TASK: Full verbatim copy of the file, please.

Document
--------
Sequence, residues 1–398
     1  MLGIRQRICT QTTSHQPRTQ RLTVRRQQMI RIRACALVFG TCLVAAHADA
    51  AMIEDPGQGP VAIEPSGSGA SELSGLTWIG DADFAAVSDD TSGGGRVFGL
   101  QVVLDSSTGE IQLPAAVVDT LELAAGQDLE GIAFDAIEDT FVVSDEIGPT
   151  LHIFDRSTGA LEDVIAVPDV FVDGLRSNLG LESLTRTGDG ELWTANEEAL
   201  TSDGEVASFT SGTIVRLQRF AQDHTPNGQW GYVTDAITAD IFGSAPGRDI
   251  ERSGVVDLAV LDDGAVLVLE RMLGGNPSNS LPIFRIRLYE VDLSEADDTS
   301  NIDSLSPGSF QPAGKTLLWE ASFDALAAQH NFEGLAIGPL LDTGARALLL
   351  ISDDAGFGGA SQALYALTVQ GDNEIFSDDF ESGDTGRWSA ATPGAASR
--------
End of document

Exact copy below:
Sequence, residues 1–398
     1  MLGIRQRICT QTTSHQPRTQ RLTVRRQQMI RIRACALVFG TCLVAAHADA
    51  AMIEDPGQGP VAIEPSGSGA SELSGLTWIG DADFAAVSDD TSGGGRVFGL
   101  QVVLDSSTGE IQLPAAVVDT LELAAGQDLE GIAFDAIEDT FVVSDEIGPT
   151  LHIFDRSTGA LEDVIAVPDV FVDGLRSNLG LESLTRTGDG ELWTANEEAL
   201  TSDGEVASFT SGTIVRLQRF AQDHTPNGQW GYVTDAITAD IFGSAPGRDI
   251  ERSGVVDLAV LDDGAVLVLE RMLGGNPSNS LPIFRIRLYE VDLSEADDTS
   301  NIDSLSPGSF QPAGKTLLWE ASFDALAAQH NFEGLAIGPL LDTGARALLL
   351  ISDDAGFGGA SQALYALTVQ GDNEIFSDDF ESGDTGRWSA ATPGAASR